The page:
As the fall semester begins, credit card companies will be focusing on acquiring new student credit card customers. Certain provisions of the CARD Act prevent these companies from setting up shop on campus and trying to lure in students with free t-shirts and pizzas. Nevertheless, student mailboxes will quickly fill with credit card offers and many students will be anxious to acquire their first card. Unfortunately, choosing the right student credit card is not an easy decision and the majority of students are ill-equipped to understand the complexities of credit card offers. While this is equally applicable to many adults, students who get off on the wrong foot risk setting themselves up for years of credit card headaches.
Here are some tips to avoid making credit card mistakes:
Look for Low Long Term Interest Rates, Not 0% Rates
A good majority of student credit cards will boldly promote 0% interest rates. These are known as teaser rates and typically apply to new purchases. The duration of 0% APR credit card rates will vary from offer to offer, but for the most part, these tend to last about 6 months. During introductory periods, no interest is charged on new purchases. This is obviously appealing in the short-term, but unless students are able to pay their bills in full before the rate expires, a 0% intro period can mask the cost of carrying new debt.
Thus, while 0% rates can provide some savings in the short-term, the key area of the fine print to examine is the go-to APR. This is the interest rate that will be charged once teaser rate expires and students should seek out cards that have as low of a go-to rate as possible, as this rate will determine how expensive credit card debt becomes.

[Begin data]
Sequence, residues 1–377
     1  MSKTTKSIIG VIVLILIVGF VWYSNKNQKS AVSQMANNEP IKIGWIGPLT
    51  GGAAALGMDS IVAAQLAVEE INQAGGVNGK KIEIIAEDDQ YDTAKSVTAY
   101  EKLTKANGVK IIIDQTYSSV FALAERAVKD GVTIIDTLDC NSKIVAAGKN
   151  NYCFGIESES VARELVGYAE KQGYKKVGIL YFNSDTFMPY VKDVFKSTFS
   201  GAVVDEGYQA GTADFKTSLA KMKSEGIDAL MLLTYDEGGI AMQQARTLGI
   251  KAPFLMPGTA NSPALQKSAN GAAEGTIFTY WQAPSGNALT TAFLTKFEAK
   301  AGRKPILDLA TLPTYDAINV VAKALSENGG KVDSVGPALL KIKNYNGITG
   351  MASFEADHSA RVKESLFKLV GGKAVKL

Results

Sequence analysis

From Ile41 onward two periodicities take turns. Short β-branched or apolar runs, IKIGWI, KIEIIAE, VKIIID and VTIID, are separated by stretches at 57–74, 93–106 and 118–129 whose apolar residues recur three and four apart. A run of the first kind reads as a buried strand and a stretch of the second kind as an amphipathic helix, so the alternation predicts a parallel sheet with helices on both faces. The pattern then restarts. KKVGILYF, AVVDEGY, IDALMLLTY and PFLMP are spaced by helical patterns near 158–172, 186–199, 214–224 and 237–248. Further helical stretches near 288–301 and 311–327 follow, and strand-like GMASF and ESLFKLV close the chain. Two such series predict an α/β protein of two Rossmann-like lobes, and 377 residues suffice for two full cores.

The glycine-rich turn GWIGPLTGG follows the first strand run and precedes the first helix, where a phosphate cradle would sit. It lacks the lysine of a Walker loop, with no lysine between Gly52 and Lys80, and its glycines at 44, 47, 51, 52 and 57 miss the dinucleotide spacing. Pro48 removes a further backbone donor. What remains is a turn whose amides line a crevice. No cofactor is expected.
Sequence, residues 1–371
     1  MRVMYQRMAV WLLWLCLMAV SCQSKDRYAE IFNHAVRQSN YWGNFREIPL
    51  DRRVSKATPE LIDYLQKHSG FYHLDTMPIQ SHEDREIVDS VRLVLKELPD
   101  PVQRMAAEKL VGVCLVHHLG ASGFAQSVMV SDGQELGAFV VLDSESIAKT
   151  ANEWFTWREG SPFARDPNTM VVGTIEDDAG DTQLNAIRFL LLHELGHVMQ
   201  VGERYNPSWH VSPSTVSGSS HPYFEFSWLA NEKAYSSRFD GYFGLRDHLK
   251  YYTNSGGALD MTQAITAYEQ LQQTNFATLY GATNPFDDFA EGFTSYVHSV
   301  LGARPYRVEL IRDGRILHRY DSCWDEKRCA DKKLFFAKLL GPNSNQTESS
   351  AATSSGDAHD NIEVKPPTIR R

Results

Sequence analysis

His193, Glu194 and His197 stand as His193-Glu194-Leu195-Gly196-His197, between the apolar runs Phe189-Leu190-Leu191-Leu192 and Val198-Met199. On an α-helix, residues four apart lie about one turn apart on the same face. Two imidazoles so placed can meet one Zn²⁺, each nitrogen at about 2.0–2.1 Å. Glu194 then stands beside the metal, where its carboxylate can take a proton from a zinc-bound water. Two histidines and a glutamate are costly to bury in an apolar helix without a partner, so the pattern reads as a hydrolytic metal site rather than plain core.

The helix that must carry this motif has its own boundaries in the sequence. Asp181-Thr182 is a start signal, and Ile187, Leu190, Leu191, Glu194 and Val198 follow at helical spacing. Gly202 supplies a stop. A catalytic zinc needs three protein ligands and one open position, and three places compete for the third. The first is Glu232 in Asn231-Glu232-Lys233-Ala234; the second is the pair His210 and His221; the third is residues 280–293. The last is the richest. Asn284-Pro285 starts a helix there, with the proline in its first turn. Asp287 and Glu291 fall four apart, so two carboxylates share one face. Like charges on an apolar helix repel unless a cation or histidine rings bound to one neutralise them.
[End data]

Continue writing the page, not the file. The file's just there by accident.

Credit Card Bills are the Most Important Bills
A student credit card can be extremely helpful in building credit if used correctly. They can also wreak havoc on credit if mismanaged. Paying credit card bills on time is of the highest importance, as late payments can severely damage credit, not to mention lead to some costly fees. Consequently, credit card bills should be given top priority. Paying a cable or electric bill a few days late will result in a minimal penalty and generally will not be reported to credit bureaus. But paying a credit card bill one day late will lead to expensive fees, negative credit report marks, and potentially higher interest rates.
Credit Card Limits are Not Money in the Bank
Getting a new credit card with a few hundred dollars of credit can make a student feel less poor than they currently are. However, using student credit cards to pay for expenses that otherwise could not be afforded will lead to debt, which will lead to interest expenses that compound daily. Credit limits should be viewed as a safety net and preserved for emergencies. Use them when necessary and always with caution.
Finally, it is vitally important to never use student credit cards for cash advances. Credit card companies often send cash advance checks in the mail that can be used as cash. These checks can make getting into debt easy and vastly increase the difficulty of getting out of debt. The primary reason cash advances must be avoided is that, unlike purchases, interest rates are often in the mid to high 20% range. 29.99% cash advance rates are not uncommon and, at these rates, paying only the minimum due will fail to reduce your debt at all.
Ultimately, the key thing for students to keep in mind when considering credit cards is that these pieces of plastic are sophisticated financial instruments. Until they are understood, they should only be used with extreme caution.